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Intellectually disabled most vulnerable with nat'l ID - Rodriquez

Published:Friday | September 15, 2017 | 12:00 AM

While the entire disabled community will experience difficulties in registering for the National Identification System (NIDS), there's a strong likelihood that the intellectually impaired will face greater challenges, according to Executive Director of the Jamaica Association on Intellectual Disabilities (JAID), Christine Rodriquez.

"A lot of times, people look at them and assume because they don't have any outward manifestations, they're not challenged," Rodriquez told The Gleaner.

Under the proposed NIDS, Jamaicans without a National Identification Card (NIC) will not be able to do business with government bodies when fully implemented in 2019 and might also face challenges in transacting business with the private sector.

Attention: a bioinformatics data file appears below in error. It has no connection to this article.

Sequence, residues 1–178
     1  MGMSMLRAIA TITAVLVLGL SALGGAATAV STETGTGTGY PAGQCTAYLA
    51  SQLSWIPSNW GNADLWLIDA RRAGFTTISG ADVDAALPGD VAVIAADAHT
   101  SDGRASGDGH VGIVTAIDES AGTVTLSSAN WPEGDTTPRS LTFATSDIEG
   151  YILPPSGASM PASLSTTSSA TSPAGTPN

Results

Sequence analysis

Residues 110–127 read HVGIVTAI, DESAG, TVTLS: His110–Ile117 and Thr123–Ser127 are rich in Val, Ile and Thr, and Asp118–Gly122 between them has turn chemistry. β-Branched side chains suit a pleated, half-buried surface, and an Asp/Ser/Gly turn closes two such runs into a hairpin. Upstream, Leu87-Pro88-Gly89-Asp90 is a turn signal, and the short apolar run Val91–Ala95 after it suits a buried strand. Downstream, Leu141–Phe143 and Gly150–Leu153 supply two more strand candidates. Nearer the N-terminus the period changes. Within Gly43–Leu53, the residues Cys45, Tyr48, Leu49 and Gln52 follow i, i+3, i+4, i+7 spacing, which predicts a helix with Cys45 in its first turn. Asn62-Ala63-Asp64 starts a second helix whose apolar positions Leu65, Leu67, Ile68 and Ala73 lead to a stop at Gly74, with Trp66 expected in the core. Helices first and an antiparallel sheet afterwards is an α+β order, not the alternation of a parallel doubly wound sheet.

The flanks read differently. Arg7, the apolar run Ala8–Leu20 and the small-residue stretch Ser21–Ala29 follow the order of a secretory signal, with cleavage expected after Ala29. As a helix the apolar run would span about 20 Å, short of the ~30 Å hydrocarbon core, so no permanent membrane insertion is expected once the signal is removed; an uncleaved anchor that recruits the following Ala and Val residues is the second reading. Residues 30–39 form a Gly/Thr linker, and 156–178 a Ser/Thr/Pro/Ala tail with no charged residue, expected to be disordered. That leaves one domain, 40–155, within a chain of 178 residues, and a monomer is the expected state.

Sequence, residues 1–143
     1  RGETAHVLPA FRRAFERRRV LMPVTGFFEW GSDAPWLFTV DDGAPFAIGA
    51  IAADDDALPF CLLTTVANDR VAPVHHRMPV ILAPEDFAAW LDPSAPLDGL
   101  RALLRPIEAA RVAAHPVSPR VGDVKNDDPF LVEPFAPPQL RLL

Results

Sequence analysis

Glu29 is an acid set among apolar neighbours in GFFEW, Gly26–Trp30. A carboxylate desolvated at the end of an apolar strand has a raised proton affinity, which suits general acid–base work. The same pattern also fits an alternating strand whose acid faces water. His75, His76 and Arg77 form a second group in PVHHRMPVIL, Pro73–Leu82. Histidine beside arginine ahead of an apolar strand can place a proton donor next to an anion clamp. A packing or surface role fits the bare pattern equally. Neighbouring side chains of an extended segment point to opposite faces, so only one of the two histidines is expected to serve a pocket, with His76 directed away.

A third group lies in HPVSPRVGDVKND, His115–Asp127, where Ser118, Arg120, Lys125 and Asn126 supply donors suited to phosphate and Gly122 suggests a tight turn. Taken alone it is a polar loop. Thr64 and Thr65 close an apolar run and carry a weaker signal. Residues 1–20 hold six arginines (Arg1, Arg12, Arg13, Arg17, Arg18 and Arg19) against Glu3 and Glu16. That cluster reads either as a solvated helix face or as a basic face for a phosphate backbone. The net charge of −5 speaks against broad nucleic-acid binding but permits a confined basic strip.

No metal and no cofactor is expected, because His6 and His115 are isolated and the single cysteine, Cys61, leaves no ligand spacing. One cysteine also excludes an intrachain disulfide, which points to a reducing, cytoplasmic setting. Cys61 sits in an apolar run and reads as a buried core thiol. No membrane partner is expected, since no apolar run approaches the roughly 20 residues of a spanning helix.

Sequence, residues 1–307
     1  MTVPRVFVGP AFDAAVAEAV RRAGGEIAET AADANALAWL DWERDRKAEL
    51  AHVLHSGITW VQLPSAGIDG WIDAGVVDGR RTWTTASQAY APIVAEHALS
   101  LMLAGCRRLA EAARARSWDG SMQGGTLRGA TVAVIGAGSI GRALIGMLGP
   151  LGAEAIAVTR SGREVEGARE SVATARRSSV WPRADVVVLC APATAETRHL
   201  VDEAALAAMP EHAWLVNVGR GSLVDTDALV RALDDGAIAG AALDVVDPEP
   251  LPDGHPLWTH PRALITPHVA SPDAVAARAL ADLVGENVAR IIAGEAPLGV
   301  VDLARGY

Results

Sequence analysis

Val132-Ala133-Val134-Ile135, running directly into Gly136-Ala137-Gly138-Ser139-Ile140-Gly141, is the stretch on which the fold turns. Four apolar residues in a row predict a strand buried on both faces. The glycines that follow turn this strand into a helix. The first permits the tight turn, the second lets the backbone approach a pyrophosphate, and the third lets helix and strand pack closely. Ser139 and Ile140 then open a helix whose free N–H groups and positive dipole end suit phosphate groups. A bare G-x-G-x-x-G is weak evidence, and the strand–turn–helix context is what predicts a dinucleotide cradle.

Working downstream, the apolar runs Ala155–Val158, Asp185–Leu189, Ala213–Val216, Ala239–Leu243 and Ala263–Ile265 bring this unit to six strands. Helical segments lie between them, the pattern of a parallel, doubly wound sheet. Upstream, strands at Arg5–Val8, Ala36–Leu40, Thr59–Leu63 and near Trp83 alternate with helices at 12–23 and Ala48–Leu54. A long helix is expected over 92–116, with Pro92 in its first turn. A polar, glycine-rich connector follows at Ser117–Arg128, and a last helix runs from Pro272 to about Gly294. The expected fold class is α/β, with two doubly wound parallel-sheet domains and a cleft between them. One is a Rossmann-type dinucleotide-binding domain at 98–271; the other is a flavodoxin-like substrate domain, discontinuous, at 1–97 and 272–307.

A phased rollout of the new system is scheduled for September 3, 2018 and will see each citizen being given a randomised nine-digit National Identification Number (NIN). Citizens and legal residents will also receive a NIC, which bears the number, a photo, a single signature, and other basic information about the holder.

Rodriquez argued that the stigma that is attached to the disabled community would serve as a major deterrent to the provision of biographic information, a perquisite for the NIC.


Public sensitisation


She stated: "Persons with mild disabilities aren't often willing to share that they have a disability as it usually brings some level of disrespect. Then there are those that may not even understand what is being asked of them and won't be able to provide information about themselves, which can come with repercussions. So we must be careful that a system that is intended to help doesn't exacerbate an already bad situation for persons with disabilities."

While welcoming the Government's plans for the training of persons who will work with persons with disabilities, Rodriquez stressed the need for further public sensitisation, stating: "The biggest problem that we have even in the disability world is that people don't understand intellectual disability; it is very different from mental. I can be a super genius and have a mental illness. An intellectual disability impacts cognitive functions, the ability to learn and understand, but what they have in common is that people are going to react to you differently. Is that information you want on your national ID?" Rodriquez asked.